Testa v. Katt, 330 U.S. 386 (1947) (state court obligated to give treble damages, required by federal statute, for violation of Emergency Price Control Act).
See Avco Corp. v. Aero Lodge No. 735, 390 U.S. 557, 560 n. 2 (1968) (Court did not decide whether the remedies available in a state court in a suit to enjoin a strike are limited to the remedies available under federal law).
See H. Hart H. Wechsler, The Federal Courts and The Federal System 474-477 (1953); Greene, Hybrid State Law in the Federal Courts, 83 Harv. L. Rev. 289, 315-319 (1969).
It should be noted that the majority's opinion, though perhaps deciding very little only adds to the confusion already existing in this area. Section 1988 of Title 42, which the majority apparently thinks decides this case, is concerned with the remedial powers of federal district courts and it provides that the federal courts shall look to state law to find appropriate remedies when the applicable federal civil rights law is "deficient in the provisions necessary to furnish suitable remedies. . . ." But the majority turns this provision on its head by suggesting (1) that § 1988 creates a federal remedy, apart from state law, when the remedial provisions of a civil rights statute, like § 1982, are "deficient"; and (2) that § 1988 itself somehow imposes this federal remedy on the States. If § 1988 says anything at all relevant for this case, it suggests that in those cases where it is appropriate to cure remedial deficiencies of a federal civil rights statute by implication, this is to be done by looking to state law to see what remedies, consistent with federal policies, would be available there.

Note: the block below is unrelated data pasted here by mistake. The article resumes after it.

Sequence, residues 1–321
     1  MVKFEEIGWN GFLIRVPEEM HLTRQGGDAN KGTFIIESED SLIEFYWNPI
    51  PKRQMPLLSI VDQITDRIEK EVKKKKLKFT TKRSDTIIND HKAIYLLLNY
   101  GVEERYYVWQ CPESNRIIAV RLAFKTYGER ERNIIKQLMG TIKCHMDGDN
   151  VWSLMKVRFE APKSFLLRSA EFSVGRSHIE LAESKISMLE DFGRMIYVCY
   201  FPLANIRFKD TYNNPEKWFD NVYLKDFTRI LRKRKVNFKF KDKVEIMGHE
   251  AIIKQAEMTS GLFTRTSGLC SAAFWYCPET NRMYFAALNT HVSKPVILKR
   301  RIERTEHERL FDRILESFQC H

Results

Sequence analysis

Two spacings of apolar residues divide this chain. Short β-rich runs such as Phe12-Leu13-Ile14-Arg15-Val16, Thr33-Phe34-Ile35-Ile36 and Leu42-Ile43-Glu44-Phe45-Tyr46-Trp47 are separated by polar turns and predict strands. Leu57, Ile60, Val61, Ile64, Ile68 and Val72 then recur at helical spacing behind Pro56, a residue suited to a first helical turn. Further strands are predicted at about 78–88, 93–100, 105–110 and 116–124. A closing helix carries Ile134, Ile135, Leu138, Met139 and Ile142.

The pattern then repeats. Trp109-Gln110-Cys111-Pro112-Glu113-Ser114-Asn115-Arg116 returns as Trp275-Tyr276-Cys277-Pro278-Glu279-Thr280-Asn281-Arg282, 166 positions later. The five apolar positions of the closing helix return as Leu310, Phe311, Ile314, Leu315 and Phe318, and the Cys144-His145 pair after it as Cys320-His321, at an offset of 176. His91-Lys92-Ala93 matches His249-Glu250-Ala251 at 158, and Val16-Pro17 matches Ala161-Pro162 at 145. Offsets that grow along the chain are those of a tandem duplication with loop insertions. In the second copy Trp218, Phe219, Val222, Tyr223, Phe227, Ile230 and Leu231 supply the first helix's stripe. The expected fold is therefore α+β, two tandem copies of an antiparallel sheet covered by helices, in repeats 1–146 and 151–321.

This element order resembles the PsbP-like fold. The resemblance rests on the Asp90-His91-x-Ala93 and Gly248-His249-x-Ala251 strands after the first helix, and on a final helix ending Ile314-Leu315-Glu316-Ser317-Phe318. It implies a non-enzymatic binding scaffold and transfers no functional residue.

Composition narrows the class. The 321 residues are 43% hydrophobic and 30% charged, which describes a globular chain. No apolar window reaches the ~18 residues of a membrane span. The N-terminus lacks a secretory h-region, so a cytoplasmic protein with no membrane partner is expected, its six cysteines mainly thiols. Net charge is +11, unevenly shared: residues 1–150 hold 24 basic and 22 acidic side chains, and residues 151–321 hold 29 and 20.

The majority, in its penultimate paragraph, appears not to decide whether the "rule of damages" is "drawn from federal or state sources."
By reason of these considerations, many of which could hardly have been foreseen at the time certiorari was granted, I would dismiss the writ in this case as improvidently granted.